From Evidence to Policy Supporting Nepal’s Trade Integration Strategy: Diversifying Nepal’s Economy through a Dynamic Services Sector(World Bank, Washington, DC, 2016-06) Hollweg, Claire H.This note looks at the services sector and its dual role for Nepal: as a direct source of exports, and as a provider of key inputs for other sectors of the economy. It identifies sources of potential for services exports, and key obstacles for improved efficiency in the sector. It also provides some policy recommendations to alleviate the observed obstacles, and presents examples of good practices from across the world in terms of services trade performance and reforms. Three of the 12 sectors identified in Nepal’s National Trade Integration Strategy 2015 (NTIS 2015) are services-related. This note assesses Nepal’s trade potential in services, and identifies actionable policy measures that are needed for Nepal to achieve this potential. The framework used to assess Nepal’s trade potential in services starts from the idea that services play a dual role for building export competitiveness in the Nepalese economy. The remainder of this note proceeds as follows. Section I analyzes the direct services export performance of Nepal’s exports relative to comparator countries, when measuring exports in gross or value added terms. It takes a detailed look at performance of Nepal’s priority export potential services sectors. Section II analyzes the indirect services export performance, when services are used as inputs for other sectors’ exports. It takes a perspective of services for cross-cutting export competitiveness. This analysis is undertaken in value-added terms. Section III details the policy implications that arise from this analysis, taking both a cross-cutting and sector-specific point of view.
Publication(Alex Publishers, 2017) Sanghi, Apurva ; Burns, Andrew ; Djiofack, Calvin ; Prihardini, Dinar ; Dissanayake, Jagath ; Hollweg, ClaireThis report assesses the future impact of two dynamically transforming economies – China and India – on Russia’s economy. China is slowing down and rebalancing its economy whereas India is rapidly expanding. What does this hold for Russia? The report begins with a snapshot of findings, followed by eight chapters. Chapter one motivates the topic and identifies analytical and empirical gaps that this report fills. Chapter two examines the current pattern of trade between Russia and the two countries, and it discusses how important – or not – China and India’s economies are for Russia. Chapter three follows by summarizing the results of three complementary approaches for measuring Russia’s trade potential with China and India (and also the rest of the world). Chapter fourth intuitively describes the customized methodology developed for this report; its major caveats and assumptions, and its possible extensions (technical details, for those interested, are in the annexes). Chapter fifth outlines four plausible scenarios of the potential impact on Russia of changes in China and India, and chapter sixth presents the results. Chapter seventh explores the sensitivity of results to changes key in assumptions. Finally, chapter eighth concludes with emerging policy implications for Russia.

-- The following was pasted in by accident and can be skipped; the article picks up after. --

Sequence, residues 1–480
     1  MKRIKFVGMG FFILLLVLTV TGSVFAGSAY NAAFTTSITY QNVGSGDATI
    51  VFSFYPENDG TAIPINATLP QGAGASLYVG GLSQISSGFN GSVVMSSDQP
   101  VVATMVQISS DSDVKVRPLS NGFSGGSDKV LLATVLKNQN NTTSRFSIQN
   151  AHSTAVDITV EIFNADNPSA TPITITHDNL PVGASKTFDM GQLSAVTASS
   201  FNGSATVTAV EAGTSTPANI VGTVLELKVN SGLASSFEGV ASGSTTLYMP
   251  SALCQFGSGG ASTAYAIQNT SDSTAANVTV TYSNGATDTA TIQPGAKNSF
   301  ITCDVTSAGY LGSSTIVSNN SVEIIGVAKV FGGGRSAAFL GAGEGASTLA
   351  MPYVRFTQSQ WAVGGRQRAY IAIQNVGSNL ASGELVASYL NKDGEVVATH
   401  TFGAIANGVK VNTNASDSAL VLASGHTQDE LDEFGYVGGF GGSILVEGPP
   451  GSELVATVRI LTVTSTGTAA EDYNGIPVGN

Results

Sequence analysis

Publication(World Bank, Washington, DC, 2015-01) Calì, Massimiliano ; Hollweg, ClaireThe LACEX dataset has been recently assembled to compute the (direct and indirect) value of the compensation of employees linked to exports for each sector/country/year. The data has been computed on the basis of a panel of global input-output data spanning intermittent years from 1995 to 2007 from the Global Trade Analysis Project (GTAP). This represents a form of social accounting data - a variation on the social accounting matrix (SAM) where incomes are shown in the rows of the SAM while expenditures are shown in the columns. The structure of the data provides a comprehensive and consistent record of national income accounting relationships between different sectors and regions, including intermediate and final demand linkages. This structure of the dataset allows one to obtain the value added content of final output and exports, including its compensation of employees’ component. That includes both the direct and indirect compensation, based on the backward linkages of each sector with the rest of the economy. In order to obtain these labor value added measures, two intermediate multiplier matrixes need to be calculated. The first is the Leontief inverse matrix, which measures the inputs contained in a unit of final output. This matrix contains both direct and indirect inputs. Next, one needs to calculate a matrix which has the compensation of employees’ shares of total output. Using these two matrixes as multipliers one can obtain the compensation of employees’ shares of exports and final outputs. These shares are also split between skilled and unskilled workers.